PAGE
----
One of the federal government’s most immediate responses to the coronavirus crisis was a highly visible campaign against profiteering. While the absence of an overarching federal anti-price gouging statute has forced prosecutors to improvise and legislators to contemplate new laws in order to...Buckley Commentary & Analysis
"Accurate FCRA reporting during Covid-19" by Marshall T. Bell, Jonathan D. Jerison, and Jessica L. Pollet (Bloomberg Law)
As financial institutions respond to a flurry of regulatory recommendations and mandates in response to the Covid-19 crisis, those relating to consumer reporting may be among the most difficult to decipher and operationalize. Federal and state authorities have made it clear that they expect...Articles
"CARES Act puts inspectors general back in the spotlight" by Daniel R. Alonso, Preston Burton, & Meredith Leeson (New York Law Journal)
Federal Inspectors General—the nation’s watchdogs over government agencies and government programs—are back in the news. First, the Coronavirus Aid, Relief, and Economic Security Act , received close attention not only for its $2 trillion infusion of taxpayer dollars into the U.S. economy, but also...Articles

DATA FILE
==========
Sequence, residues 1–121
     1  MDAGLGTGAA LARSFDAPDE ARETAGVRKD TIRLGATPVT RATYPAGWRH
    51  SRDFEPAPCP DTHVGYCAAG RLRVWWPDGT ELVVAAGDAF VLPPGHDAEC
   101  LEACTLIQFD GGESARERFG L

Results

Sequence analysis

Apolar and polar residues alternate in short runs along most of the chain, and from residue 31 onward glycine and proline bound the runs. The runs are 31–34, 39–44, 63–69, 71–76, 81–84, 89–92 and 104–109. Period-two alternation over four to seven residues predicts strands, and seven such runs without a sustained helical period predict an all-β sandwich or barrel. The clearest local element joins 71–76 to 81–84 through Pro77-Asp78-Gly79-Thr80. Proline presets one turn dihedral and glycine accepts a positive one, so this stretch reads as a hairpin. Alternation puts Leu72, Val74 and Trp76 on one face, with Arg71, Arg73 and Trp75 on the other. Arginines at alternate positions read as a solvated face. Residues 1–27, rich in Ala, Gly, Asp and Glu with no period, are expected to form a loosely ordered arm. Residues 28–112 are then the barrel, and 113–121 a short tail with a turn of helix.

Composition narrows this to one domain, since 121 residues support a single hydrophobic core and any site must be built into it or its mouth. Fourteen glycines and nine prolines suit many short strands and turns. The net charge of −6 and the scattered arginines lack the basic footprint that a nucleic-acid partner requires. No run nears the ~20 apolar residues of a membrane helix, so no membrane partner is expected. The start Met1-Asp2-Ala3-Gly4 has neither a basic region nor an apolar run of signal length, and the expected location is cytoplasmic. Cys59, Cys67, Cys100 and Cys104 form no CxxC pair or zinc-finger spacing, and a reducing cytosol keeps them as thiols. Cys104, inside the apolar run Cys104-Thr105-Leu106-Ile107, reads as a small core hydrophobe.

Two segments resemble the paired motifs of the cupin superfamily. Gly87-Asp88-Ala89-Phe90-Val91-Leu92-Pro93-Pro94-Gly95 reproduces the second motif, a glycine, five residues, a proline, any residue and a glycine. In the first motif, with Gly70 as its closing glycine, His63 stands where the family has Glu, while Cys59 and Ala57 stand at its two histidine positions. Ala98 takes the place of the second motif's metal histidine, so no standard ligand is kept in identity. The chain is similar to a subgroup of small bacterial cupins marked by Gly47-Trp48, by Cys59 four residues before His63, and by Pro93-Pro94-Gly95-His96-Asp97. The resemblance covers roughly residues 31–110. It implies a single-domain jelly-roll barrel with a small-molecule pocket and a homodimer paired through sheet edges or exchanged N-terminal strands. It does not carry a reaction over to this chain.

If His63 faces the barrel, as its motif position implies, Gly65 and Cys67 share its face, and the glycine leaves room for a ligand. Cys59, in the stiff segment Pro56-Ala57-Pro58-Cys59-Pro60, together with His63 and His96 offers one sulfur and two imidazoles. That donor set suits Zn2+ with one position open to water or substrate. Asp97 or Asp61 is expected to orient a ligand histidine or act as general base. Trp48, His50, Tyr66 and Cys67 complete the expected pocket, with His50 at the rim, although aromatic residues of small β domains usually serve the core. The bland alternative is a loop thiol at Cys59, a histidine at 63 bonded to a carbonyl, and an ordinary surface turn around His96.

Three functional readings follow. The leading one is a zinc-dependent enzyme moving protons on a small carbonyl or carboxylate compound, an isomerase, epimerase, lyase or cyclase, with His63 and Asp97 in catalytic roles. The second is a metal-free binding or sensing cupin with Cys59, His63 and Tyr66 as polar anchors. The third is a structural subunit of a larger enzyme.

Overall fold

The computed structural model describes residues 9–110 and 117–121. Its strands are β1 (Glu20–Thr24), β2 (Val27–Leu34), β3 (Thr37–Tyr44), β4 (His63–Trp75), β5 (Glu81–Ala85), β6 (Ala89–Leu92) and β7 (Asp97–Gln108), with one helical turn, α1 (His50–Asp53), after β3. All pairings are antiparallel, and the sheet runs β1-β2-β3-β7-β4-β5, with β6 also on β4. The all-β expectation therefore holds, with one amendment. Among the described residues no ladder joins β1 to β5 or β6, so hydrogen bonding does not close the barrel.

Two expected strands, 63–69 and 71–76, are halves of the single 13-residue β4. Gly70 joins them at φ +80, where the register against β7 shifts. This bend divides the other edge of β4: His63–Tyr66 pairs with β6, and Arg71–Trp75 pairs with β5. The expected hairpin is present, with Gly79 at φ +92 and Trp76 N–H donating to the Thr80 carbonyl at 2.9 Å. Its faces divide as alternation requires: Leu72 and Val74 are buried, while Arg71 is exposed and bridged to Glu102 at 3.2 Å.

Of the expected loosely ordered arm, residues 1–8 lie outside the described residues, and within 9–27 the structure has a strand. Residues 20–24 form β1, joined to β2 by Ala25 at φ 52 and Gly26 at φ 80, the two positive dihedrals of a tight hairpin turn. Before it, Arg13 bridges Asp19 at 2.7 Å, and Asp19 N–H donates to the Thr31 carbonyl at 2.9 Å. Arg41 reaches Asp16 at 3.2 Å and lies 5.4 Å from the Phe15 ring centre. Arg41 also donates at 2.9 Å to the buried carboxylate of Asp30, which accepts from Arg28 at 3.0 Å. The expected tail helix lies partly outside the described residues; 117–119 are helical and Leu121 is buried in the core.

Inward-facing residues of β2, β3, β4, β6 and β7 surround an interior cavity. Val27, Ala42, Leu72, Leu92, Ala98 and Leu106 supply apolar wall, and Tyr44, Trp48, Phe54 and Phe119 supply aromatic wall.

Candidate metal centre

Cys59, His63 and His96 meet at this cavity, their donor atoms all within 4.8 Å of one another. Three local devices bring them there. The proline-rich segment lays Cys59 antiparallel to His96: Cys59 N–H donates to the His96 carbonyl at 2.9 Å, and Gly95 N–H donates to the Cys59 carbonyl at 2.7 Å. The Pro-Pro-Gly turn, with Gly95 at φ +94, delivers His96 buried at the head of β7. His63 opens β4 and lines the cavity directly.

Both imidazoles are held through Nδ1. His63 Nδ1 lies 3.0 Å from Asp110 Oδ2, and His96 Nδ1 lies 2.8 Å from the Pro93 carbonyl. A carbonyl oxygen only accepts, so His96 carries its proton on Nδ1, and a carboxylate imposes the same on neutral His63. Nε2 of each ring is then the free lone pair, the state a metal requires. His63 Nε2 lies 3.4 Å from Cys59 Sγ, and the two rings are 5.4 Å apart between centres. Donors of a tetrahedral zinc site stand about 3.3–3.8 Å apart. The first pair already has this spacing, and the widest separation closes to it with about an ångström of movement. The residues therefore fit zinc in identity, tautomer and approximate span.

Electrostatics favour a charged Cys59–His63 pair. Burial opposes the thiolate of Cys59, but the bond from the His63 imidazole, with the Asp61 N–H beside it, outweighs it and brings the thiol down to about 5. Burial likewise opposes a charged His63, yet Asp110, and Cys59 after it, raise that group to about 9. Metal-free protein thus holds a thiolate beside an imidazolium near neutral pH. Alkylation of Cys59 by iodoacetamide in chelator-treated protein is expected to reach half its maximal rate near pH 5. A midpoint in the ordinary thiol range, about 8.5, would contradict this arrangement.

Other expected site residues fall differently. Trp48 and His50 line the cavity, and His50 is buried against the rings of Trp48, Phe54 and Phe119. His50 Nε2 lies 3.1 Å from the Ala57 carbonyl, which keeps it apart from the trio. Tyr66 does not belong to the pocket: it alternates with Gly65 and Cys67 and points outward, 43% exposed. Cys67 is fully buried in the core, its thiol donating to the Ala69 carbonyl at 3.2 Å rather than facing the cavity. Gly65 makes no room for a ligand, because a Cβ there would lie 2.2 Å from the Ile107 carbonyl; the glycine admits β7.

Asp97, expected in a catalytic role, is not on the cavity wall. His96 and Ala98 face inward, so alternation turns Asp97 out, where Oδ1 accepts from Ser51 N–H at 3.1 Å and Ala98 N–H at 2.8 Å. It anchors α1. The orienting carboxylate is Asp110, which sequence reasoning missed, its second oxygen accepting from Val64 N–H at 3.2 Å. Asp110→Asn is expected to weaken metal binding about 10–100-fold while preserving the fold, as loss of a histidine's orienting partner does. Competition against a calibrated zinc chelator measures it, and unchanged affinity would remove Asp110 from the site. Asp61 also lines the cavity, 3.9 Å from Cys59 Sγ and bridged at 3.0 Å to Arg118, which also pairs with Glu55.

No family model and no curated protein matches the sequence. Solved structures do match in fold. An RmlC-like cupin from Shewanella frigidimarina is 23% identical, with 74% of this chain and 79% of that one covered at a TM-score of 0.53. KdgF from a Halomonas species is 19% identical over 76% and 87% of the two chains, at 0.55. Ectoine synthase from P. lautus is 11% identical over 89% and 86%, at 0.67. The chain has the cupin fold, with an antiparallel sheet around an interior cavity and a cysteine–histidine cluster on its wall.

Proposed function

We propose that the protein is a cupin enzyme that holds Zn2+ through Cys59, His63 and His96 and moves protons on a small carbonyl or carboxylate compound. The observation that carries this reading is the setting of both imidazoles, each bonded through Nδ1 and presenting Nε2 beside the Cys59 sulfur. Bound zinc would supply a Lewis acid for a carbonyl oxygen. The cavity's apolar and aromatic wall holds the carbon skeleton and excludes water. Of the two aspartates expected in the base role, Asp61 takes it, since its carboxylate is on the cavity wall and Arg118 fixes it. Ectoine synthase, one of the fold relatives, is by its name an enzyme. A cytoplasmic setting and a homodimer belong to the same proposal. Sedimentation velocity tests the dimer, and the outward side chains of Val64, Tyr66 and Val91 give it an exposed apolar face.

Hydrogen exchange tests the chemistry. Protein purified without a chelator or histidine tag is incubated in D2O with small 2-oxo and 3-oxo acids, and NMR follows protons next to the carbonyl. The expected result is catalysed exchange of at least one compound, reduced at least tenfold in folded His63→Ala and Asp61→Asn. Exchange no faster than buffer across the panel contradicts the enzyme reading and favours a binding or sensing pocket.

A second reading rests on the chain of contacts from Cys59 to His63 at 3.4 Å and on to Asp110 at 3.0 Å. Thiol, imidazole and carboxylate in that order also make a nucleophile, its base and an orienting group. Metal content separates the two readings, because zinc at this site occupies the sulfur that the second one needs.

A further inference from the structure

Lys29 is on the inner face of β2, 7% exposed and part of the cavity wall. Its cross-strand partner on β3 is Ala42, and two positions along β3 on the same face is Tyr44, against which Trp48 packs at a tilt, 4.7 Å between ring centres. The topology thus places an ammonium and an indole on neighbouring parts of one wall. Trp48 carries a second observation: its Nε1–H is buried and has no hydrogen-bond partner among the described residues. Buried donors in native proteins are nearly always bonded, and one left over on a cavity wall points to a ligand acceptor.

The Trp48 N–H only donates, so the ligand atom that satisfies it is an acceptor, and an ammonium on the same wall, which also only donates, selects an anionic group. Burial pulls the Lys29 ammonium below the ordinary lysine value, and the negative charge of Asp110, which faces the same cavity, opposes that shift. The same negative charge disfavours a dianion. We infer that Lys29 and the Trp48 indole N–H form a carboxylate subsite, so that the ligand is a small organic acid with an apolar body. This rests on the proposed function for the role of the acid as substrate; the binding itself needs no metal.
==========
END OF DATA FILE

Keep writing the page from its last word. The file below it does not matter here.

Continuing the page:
"SEC flexes regulatory and enforcement muscles in pandemic markets" by Thomas A. Sporkin and Timothy J. Coley
The Securities and Exchange Commission is sticking to its three-fold mission of protecting investors, maintaining fair and orderly markets, and encouraging capital formation as it responds to the Covid-19 pandemic by issuing regulatory guidance on crisis-relevant market and capital issues,...Buckley Commentary & Analysis